Tokyo, Oct 8 (efe-epa).- The president of World Athletics, Sebastian Coe, said Thursday athletes should be allowed to make symbolic gestures of protest during the Olympic Games.
Coe, a former middle-distance runner and two-time Olympic gold winner, has long been a vocal supporter of athletes’ right to protest social and political issues, despite the International Olympic Committee’s official stance against such protests.
“I have been very clear; if an athlete wishes to take a knee on a podium, then I am supportive of that,” Coe said during a media tour of the National Olympic Stadium in Tokyo. “Athletes are a part of the world and they want to reflect the world they live in. For me, that is perfectly acceptable.”
Coe’s comments come against the backdrop of Black Lives Matter, a protest movement denouncing police brutality and demanding social justice for people of color that swept the United States and the rest of the world over the summer following several incidents of white police officers killing unarmed African Americans.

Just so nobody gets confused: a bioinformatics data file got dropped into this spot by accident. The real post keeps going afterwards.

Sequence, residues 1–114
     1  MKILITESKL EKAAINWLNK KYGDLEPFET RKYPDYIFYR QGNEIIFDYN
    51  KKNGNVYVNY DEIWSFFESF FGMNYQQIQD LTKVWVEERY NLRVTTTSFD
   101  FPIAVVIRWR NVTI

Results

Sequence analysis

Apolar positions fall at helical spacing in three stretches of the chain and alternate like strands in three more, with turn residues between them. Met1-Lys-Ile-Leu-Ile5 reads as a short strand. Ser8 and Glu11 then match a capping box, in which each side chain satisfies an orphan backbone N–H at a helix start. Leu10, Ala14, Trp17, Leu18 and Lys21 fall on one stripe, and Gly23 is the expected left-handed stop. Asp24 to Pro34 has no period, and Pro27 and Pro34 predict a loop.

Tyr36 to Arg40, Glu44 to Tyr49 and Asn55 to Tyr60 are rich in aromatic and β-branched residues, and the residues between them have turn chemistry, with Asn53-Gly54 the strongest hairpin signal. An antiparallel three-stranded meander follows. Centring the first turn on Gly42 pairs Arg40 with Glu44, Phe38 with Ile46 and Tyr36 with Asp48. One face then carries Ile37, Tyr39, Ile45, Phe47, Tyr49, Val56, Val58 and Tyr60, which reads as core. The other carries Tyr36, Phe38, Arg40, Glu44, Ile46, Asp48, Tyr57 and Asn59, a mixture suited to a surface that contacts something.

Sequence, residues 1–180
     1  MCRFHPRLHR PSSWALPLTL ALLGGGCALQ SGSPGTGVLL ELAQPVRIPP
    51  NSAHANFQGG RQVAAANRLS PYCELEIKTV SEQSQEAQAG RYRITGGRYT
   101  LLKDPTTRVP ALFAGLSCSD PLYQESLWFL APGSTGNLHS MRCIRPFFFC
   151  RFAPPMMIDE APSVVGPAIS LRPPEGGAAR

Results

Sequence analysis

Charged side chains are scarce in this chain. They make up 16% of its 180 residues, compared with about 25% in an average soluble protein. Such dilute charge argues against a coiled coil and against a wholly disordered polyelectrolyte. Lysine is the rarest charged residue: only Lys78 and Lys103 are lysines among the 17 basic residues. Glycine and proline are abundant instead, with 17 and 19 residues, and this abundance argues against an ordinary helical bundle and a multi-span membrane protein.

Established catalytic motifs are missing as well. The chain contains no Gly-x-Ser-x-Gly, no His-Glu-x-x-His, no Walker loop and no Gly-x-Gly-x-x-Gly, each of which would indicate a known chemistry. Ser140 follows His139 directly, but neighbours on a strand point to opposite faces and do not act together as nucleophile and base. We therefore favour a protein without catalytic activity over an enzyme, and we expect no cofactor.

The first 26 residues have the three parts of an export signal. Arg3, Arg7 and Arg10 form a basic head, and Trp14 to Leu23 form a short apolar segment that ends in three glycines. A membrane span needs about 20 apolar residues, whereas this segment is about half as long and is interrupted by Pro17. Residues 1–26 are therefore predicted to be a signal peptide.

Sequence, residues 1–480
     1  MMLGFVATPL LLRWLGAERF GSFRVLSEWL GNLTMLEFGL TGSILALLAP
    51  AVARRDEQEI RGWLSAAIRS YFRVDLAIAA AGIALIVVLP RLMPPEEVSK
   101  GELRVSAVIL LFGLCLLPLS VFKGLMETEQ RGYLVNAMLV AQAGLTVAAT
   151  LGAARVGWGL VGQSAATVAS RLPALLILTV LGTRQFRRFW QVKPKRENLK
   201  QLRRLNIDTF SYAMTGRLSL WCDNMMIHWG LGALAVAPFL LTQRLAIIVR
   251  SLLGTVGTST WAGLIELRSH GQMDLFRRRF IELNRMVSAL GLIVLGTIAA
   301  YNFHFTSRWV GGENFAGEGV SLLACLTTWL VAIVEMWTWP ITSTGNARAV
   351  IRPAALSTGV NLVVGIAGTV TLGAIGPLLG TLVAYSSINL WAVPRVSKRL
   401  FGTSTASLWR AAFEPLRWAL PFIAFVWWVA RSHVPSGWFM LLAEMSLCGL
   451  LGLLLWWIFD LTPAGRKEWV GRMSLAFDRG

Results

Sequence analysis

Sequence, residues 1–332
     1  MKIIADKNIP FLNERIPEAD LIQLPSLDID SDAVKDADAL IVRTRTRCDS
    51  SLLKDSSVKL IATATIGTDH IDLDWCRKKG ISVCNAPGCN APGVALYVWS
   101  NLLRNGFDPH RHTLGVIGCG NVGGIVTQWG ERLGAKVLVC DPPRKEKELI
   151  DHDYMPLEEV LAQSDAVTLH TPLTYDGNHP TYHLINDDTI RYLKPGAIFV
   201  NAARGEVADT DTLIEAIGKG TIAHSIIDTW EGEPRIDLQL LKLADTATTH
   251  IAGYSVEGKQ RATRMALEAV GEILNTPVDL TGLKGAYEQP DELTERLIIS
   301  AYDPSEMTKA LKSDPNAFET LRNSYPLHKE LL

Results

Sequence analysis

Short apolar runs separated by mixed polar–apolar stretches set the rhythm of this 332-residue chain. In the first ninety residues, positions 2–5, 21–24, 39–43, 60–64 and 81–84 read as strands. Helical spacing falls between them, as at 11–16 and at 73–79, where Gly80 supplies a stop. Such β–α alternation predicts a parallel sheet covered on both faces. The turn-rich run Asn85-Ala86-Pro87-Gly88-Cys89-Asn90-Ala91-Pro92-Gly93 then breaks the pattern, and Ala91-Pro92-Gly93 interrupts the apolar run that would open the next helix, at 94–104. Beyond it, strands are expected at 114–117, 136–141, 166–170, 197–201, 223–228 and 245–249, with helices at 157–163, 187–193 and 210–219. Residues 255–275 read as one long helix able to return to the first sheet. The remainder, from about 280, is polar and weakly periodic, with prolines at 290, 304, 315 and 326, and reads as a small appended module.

Several high profile players and teams, both in the United States and elsewhere, have been kneeling (“taking a knee”) or raising a fist in a symbolic act of protest.
The IOC says that “no kind of demonstrations or political, religious or racial propaganda is permitted in any Olympic sites, venues or other areas.”
But in July, IOC president Thomas Bach said that the organisation would support athletes “explore different ways of how (they) can express their support for the principles enshrined in the Olympic charter”.
The IOC called the Games a “very powerful global demonstration against racism and for inclusivity.”
The event was originally due to be held in August this year, but had to be postponed due to the coronavirus pandemic.
Coe said that despite the difficulties presented by Covid-19, he was “very impressed” with how preparations were progressing and pledged his support to the organizers amid the uncertainty around the pandemic.
“We don’t know for sure what will happen in the next few months,” Coe said. “There may have to be some adaptations, there may have to be some differences, but I’m absolutely convinced that even under those circumstances, it will still be a fantastic Olympic Games”. EFE-EPA